I see an increasing number of people who have been scammed either by a pop-up that appears while they are online telling them to call someone for assistance with their infected computer, or that call them on the telephone saying they have received messages from their computer and are calling to help….for a fee.
Once you realize you have been scammed, what do you do?
This article assumes that you still have a functioning computer and that you can log in and use it. If this is not the case then you need to call someone who can help such as your local computer professional or a friend who is very into computers.
The first thing we need to address is your credit cards and passwords. If you gave them a credit card number you need to call that company and tell them you think the card has been compromised. You can also dispute any charges that person may have applied to your card. The longer you wait to do this the more of a headache it will be to clear this up, especially if you gave them the information on a debit card.
Passwords are important too. If you gave them any passwords (such as your iCloud password that you use when logging into your Mac, or Microsoft/email password you use logging into your Windows PC) those need to be changed immediately. Think hard about any information you may have given them, change any passwords they may have and make the new passwords substantially different from the old ones. Do not just add a “1” to the end of your old password or something similar.
Removing programs you don’t want
If you are on a Windows computer you need to go to where you can uninstall programs that they may have installed.
For Windows 10 right click on the flag in the lower left corner of your screen (the start menu icon as some call it) and select “Programs and Features”.
For Windows 7 you can click on the multicolored flag in a circle at the lower left corner of your screen, then click on “Control Panel” on the right side of the menu that appears. Now make sure that you are in “Category” view in the upper right side of this screen and click on “Uninstall a program”.
Windows versions from XP up through 10 all have the same basic add/remove programs screen. Click on the words “Installed on” to sort that column by date with the most recent date at the top (click “Installed on” a second time if needed to get the most recent at the top).
Look for any programs that were installed on the day the person was working on your computer and remove it. Typically this is software the person uses to remote into your computer, software that displays advertisements which they get paid for, or something similar. They may have even installed real antivirus programs such as Norton Security or McAfee Security. Why uninstall the antivirus you “paid for”? Because the best case scenario is that it is an illegal license, and the worst case is that it is hacked and may contain spyware or viruses.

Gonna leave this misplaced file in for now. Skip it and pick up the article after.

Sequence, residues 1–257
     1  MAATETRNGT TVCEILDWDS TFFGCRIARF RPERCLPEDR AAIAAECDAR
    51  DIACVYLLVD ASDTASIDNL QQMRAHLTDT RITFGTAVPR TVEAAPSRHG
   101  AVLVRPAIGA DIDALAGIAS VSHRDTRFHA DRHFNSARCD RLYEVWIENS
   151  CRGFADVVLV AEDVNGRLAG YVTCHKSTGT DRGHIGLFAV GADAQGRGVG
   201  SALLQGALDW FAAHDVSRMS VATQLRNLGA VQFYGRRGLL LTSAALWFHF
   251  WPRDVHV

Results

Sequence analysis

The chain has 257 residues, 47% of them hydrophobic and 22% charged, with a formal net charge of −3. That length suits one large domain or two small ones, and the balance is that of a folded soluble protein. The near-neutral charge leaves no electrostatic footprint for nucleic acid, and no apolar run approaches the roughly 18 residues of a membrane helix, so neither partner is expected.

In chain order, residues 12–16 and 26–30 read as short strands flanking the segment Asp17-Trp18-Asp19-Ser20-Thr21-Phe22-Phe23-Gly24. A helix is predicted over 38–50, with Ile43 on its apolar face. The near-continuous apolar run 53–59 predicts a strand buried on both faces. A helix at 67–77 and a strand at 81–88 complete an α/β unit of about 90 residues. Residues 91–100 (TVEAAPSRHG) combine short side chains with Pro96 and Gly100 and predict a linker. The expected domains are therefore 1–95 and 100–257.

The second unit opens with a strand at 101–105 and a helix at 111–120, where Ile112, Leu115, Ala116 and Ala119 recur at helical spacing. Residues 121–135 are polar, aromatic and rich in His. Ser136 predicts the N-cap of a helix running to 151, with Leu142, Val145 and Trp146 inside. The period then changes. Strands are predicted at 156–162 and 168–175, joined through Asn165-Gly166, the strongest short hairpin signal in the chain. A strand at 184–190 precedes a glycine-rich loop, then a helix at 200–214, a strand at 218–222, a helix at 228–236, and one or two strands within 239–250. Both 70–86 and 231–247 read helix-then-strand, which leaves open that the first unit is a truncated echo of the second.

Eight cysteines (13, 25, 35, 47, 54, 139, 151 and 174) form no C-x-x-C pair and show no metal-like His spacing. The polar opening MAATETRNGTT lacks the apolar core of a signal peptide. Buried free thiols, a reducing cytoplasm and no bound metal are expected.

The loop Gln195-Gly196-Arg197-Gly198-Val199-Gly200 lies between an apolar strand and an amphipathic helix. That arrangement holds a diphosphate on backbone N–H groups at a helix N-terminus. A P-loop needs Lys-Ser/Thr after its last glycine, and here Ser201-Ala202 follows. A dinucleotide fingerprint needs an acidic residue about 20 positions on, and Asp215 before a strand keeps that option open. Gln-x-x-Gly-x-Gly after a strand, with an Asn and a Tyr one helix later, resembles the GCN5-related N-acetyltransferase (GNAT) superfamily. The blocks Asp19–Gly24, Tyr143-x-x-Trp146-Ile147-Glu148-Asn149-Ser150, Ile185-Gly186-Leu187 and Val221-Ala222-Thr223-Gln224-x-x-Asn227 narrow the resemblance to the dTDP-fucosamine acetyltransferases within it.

I know how that sounds, an antivirus that contains a virus. Unfortunately it happens way more often than you want to know about.
Highlight the program you want removed and at the top of the list just to the right of the “Organize” button should appear another selection which reads “Uninstall” or “Change”, click that and walk through the steps to uninstall the software.
On a Mac open your Applications folder (click Finder on the far left of your dock, then select “Applications” from the list on the left). Now click the four horizontal lines stacked one on top of another in the row of icons at the top of the window. Now click the “Date Modified” column header to sort the list with the most current date at the top.
Unlike Windows machines this is not the date the program was installed but rather the last time the software was accessed. This does NOT mean that everything with a current date, or the date the scammer was in your computer, is something they installed. You need to go through the list and see if anything seems out of place and if so, drag that to the trash to uninstall it.
Final clean-up and future protection
Once you have all the software removed if you are on a Windows computer I suggest you download a real antivirus such as Avira free and another free program called MalwareBytes AntiSpyware. Install and run scans with both to make sure you are clean.
If you continue to have issues contact a professional but by and large, this is the same techniques I use to fix 90% of my customer’s machines. The scammers are typically extremely good at talking their way into your wallet but they rarely do much damage to your computer.